RNZAF, Waipapakauri and the pub that went to the war

1942. Dark days for New Zealand. The Japanese had entered into the war after bombing the US Base at Pearl Harbour. The Army, Navy and Air Force had captured Singapore and were moving south. The Solomon Islands had fallen and the Army were on Guadalcanal, the most southern island in the group.  Was New Zealand to be a tential target?  And, if so, how soon?  To be prepared for possible attack the Royal New Zealand Air Force moved aircraft and personnel as far north in New Zealand as possible, and established an airfield at Waipapakauri.  The Army also moved personnel into the area.

Late in 1941 I had been posted from RNZAF Station Harewood in Christchurch to RNZAF Station Hobsonville in Auckland, and as a medic was attached to the medical sick quarters.  One morning, early in 1942, a young airman from the sick quarters roused me from my sleep, and told me,  "You have been posted.  I don't like to tell you where.  You are to report to the Flight Sergeant pronto." I dressed and reported to the Flight Sergeant.

"Get packed," he said.  "You're posted to Waipapakauri, and are to fly up in a Vilderbeest aircraft at 1230 hours today."

"Where," I asked, "is Waipapakauri?"

"Way to hell up north, past Kaitaia, near the Ninety Mile Beach. I believe it is a bloody awful sort of dump," said Flight Sergeant Ralph.

I packed and, as required, reported to the pilot of the aircraft, the late Sergeant Vic Cairns.  At that period everyone flying in Air Force aircraft was required to wear a parachute, but I had been informed by the parachute section there were no spares to go on a one way trip to Waipapakauri.  "Don't worry Sport," said sergeant Cairns, "We'll be flying well under 1000 feet, so a brolly will be of no use: in any case 'you'll be in the tunnel, so get in.' The vilderbeest was a large bi-plane with three cockpits. Pilot front, navigator middle, and gunner in the rear.

Between the gunner's cockpit and the navigator was a covered space about one and a half metres long and about the same wide, and approximately the same or rather less amount of head room.  Into this I squeezed, together with my kitbag, and lay down. Not a lot of space. The gunner's cockpit was of course occupied. What a way to fly!  I can't remember the duration of the flight  I think about one and a half to ' two hours, but was delighted to get out and stretch my legs on landing at Waipapakauri.

Oh, the surprise in store for me.  Having signed in, I was directed to my accommodation - a small two man hut just off the edge of the airfield, some distance I found from the ablutions and toilet block, some distance from the mess hall, and isolated I later found from my place of work, the station hospital. A big change from the comfortable accommodation I had been used to at both Hobsonville and Harewood.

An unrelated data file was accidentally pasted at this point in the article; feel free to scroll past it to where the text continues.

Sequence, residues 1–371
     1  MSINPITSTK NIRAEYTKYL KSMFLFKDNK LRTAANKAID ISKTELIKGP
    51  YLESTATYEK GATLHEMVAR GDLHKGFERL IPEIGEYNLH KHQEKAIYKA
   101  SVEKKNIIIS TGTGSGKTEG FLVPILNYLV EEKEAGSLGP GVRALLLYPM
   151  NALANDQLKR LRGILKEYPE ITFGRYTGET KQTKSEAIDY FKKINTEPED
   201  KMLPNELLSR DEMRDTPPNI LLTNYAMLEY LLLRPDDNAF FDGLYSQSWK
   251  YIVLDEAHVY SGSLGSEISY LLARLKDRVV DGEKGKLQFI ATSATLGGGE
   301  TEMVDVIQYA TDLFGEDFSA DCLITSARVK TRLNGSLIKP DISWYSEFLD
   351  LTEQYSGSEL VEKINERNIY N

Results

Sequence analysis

Next morning my hut mate showed me the way to the station hospital.  Imagine my surprise when after a long walk he turned into the only building past the airfield - the local pub. Waipapakauri hotel, no less. 'Won't be open yet," I remarked".

"This, Alf, is the station hospital. We go around the side door."  Sure enough, the pub had been taken over by the Military to serve as a base hospital for the Air Force and Army personnel in the area.  But yet another surprise.  The dining room had been converted to a ten bed ward. While the room adjacent to the bar had been converted into the Medical Officer's consulting room, the guest rooms as smaller wards, the corridors fitted with sterilisers, and the kitchen taken over by an Air Force cook, the public bar was still operating but strictly out of bounds to RNZAF and Army personnel on duty.

The situation with the bar operating went on for some weeks until after a statutory period the liquor licence was held in abeyance until the pub was no longer required for war service.  Following the closure of the bar for the last time, the bar area became a casualty treating area, but each time the bar floor was mopped with hot water a delightful aroma of stale beer wafted up out of the floorboards.

Not many weeks after arriving at Waipapakauri, which I enjoyed, the Medical Officer and I were posted together to join No 3 GR Squadron and proceed overseas.  It was some years before I saw Waipapa Pub again, now back in full use as the local hotel, and I was surprised to find that very few people in the area seemed to know of the pub's wartime role.  So, a little later, I started writing letters.  First to New Zealand Breweries, the owners of the hotel, and to the RNZAF Publicity Department, telling of the pub's wartime history.  Neither the Brewery Public Relations Officer, nor the Air Force Public Relations Department, was aware that the hotel had been used as an RNZAF Hospital, and later an officers' mess.  But when my facts were verified, they agreed to my suggestion that a suitable plaque should be installed.  This was done in about 1978 or 1979, but I did not see it until February 1996 when I made a special trip with an ex Air Force friend to the far north to do so.  The plaque  the Air Force crest mounted on New Zealand native timber  is in the main bar, and has attached a brass plate which reads:


Externally, the hotel looks much the same as when I first saw it in 1942, but the bar area is far more swept up.  The owner of the hotel, Mr Adrian Clark, an ex All Black, informed me that the crest is an item of considerable interest to patrons and visitors, and I am delighted that my efforts to have recognition paid to the hotel have been carried out in such a worthy manner by cooperation between New Zealand Breweries and the RNZAF.

A.T. Sindlen, J.P.
Ex Flight Sergeant/Medical Technician